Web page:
IoT Spending on the Rise, to Hit $1.1 Trillion by 2023

A recent report by market research firm International Data Corporation (IDC) projects that global spending on Internet of Things (IoT) software, hardware and services will surpass $1 trillion in 2022, and reach $1.1 trillion by 2023. The report projects aggressive growth in both commercial and consumer sectors, as well as increasing spending on public cloud deployments and data management, processing and analytics.

The IDC Worldwide Semiannual Internet of Things Spending Guide is released periodically and covers 53 countries and 20 industries, including banking construction, healthcare and government.

The latest report projects that spending around IoT will grow at a 12.6 percent compound annual growth rate, from $726 billion in 2019 to $1.1 trillion in 2023.

The study found that spending on IoT services in 2019 outstripped for the first time spending on IoT hardware. IDC expects services to remain the top spending category through 2023. IoT services and hardware spending, taken together, account for about two-thirds of all IoT spending in 2019.

The study identifies discrete manufacturing, process manufacturing, and transportation as the three most active commercial sectors for IoT spending, accounting for nearly a third of global spending around IoT in 2023. Consumer market spending, meanwhile, is expected to grow at a brisk 16.8 percent CAGR through 2023, vaulting it past discreet manufacturing as the largest source of IoT spending by 2023. Smart homes and connected vehicles currently lead IoT spending in the consumer space.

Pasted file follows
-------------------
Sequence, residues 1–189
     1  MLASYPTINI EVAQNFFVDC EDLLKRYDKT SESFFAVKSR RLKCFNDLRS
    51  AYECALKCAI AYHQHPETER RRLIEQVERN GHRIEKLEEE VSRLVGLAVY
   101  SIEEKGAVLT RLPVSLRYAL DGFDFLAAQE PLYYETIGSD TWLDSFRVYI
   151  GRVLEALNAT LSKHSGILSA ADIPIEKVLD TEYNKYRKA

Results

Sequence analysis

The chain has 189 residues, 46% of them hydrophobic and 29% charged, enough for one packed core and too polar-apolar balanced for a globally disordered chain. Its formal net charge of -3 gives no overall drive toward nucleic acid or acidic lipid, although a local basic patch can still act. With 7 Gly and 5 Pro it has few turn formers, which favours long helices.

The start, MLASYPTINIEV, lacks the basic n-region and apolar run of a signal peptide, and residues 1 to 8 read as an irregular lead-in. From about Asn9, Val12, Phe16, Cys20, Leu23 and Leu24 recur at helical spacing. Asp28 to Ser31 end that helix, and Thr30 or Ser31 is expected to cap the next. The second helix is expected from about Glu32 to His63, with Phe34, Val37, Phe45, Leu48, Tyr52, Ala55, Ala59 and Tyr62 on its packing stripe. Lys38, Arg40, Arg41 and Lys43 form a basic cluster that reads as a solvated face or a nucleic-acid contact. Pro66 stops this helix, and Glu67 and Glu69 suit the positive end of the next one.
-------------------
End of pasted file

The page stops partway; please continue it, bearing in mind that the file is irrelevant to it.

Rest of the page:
Going forward, IDC expects vertical industry IoT platforms and cloud deployments for IoT software to dominate. The report states:

"More than three quarters of all spending on IoT platform software – middleware that provides the device management, connectivity management, data management, visualization, and applications enablement for connecting IoT endpoints – will go toward software packages that integrate and support devices, applications, data schemas, and standards of a single industry."

According to Carrie MacGillivray, group vice president, Internet of Things, 5G, and Mobility at IDC, organizations can also expect to see increased spending to handle data produced by IoT deployments.

"While organizations are investing in hardware, software, and services to support their IoT initiatives," MacGillivray says, "their next challenge is finding solutions that help them to manage, process, and analyze the data being generated from all these connected things.

About the Author

Michael Desmond is an editor and writer for 1105 Media's Enterprise Computing Group.